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Dad Turns Bed Sheets Into ‘Interactive’ Board Games So Kids in Hospitals Won’t Get Bored

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It’s fair to say that there’s no worse card to be dealt as a child than to be bedridden or sick for prolonged periods of time in the hospital. Yet at a time when children should be playing around on monkey bars, chasing their friends around in a game of tag, and otherwise indulging their physical and creative energies, some are simply not so fortunate to do so.

For Kevin Gatlin, an entrepreneur based in Charlotte, North Carolina, the doldrums of staying in a hospital as a child is something he experienced first-hand during a week-long hospital stay.

“I was in the hospital for about a week and I was bored to death,” Gatlin told WCNC.

A few years ago, when Gatlin visited a friend’s child who was stuck in the hospital, he once again encountered the dullness of a hospital room and immediately thought, “what if this was my son? How would we preoccupy the time?” 

He added:

“My wife used to utilize the bed with our son, they would play board games they would do homework assignments it was the biggest piece of furniture in the room.”   

With that idea in mind, Gatlin began working with his mother, a school teacher, to create Playtime Edventures. The company now sells over fifty interactive games in both bed sheets and sleeping bags designed to help kids “play, learn, sleep and heal,” a product the company website also touts as “the perfect daytime alternative to excessive TV watching, electronic devices, and the perfect structure to get kids to bed.”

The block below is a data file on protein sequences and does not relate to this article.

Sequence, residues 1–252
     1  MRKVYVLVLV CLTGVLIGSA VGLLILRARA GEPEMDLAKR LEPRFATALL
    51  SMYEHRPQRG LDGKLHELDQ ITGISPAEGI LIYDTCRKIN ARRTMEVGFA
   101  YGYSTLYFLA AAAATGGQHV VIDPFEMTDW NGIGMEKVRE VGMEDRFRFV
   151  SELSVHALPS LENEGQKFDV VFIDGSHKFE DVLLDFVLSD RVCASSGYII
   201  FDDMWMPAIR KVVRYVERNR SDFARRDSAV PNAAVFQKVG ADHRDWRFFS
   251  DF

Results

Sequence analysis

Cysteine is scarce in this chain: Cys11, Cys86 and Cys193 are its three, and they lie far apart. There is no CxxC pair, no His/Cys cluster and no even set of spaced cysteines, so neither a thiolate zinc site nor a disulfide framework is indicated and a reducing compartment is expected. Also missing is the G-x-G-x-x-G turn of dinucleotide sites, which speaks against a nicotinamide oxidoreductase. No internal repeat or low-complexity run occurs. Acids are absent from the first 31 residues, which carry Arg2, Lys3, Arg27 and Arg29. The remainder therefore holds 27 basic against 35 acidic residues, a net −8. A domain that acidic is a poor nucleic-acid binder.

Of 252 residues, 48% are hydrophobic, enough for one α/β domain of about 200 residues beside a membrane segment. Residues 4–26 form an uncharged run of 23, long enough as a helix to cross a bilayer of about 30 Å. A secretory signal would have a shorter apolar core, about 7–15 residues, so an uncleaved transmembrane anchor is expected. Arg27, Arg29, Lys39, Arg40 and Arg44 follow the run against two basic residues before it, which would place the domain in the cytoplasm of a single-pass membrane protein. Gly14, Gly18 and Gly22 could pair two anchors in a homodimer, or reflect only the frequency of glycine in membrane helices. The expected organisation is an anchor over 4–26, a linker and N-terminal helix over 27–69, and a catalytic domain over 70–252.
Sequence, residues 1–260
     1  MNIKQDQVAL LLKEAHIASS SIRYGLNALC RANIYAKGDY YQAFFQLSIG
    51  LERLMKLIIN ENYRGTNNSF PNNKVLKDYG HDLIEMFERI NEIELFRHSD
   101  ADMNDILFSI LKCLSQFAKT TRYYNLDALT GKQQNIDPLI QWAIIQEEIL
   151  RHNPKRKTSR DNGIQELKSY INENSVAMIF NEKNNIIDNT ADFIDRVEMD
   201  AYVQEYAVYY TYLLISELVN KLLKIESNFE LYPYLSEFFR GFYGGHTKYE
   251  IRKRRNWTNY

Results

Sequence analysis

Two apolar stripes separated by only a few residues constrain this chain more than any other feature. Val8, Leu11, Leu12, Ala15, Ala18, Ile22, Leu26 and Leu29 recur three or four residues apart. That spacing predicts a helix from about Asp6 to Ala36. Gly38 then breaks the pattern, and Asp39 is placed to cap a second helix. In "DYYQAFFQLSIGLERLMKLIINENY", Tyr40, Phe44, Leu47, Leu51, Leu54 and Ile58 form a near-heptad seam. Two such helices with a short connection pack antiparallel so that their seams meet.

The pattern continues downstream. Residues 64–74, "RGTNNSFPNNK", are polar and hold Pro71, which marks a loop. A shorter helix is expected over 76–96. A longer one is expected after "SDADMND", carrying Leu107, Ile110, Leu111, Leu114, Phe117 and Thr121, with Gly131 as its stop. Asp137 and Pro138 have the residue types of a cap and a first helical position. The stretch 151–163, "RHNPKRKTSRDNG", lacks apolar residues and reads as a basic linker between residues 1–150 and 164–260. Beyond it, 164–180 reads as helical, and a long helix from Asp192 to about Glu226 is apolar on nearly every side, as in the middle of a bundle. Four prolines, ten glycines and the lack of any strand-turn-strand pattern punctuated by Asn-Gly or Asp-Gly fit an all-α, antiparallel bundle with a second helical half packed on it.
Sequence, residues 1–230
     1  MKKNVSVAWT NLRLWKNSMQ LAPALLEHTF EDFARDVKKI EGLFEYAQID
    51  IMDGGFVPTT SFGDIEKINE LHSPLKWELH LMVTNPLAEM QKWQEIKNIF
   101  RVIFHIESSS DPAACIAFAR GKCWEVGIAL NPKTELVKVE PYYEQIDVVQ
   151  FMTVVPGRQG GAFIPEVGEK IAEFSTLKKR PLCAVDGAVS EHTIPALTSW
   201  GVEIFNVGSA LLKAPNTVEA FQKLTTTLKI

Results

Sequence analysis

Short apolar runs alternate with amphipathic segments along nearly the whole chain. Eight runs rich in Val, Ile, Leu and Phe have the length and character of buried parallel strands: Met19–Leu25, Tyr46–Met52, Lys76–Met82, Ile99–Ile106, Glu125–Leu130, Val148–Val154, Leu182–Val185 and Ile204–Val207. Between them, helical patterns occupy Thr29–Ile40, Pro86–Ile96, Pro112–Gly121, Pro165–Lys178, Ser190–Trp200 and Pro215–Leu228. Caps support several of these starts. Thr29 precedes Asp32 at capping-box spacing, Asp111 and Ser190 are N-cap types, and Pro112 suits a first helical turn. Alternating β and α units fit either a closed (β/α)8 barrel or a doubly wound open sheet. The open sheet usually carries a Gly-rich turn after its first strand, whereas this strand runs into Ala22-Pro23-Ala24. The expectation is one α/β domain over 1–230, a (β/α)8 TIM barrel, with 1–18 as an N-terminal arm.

Gatlin worked with about six teachers to devise interactive bedsheets, pillowcases and covers that would serve not only a recreational purpose–but educational goals, too.

Gatlin explained:

“We put together bedsheets and slumber bags that cover everything from Geography, Math, Science, Grammar, word find games, over-sized game boards… all on a three-piece set.”

Gatlin entered the business with a passion for children and a deep empathy for children who find themselves in otherwise dreary circumstances. He explained:

“It’s an unfortunate situation that a child is in. It’s great for the child life coordinator and the nurses and doctors – it gives them a tool that they can use before they just poke the kid.”

So far, the sheets are in use at 10 different hospitals nationwide but the number is expected to grow as customers donate their sheets back to their own local hospitals, according to Gatlin.

“Individuals purchase our bedsheets online and they donate them to hospitals across the U.S. … We’ve had our bedsheets purchased for hospitals internationally,” he said.

Gatlin hopes that his sheets will eventually make it to hospitals all around the United States, as well as in summer camps and homes.

And while he has seen quite a bit of success and media coverage thanks to the sheets, the most gratifying aspect of his work has been the knowledge that he’s made a difference in kids’ lives.

Gatlin said:

“You’re a business and you have to make money. There’s a lot of ups and downs – but when you notice a child utilizing your product for what it’s meant for, that’s priceless.”

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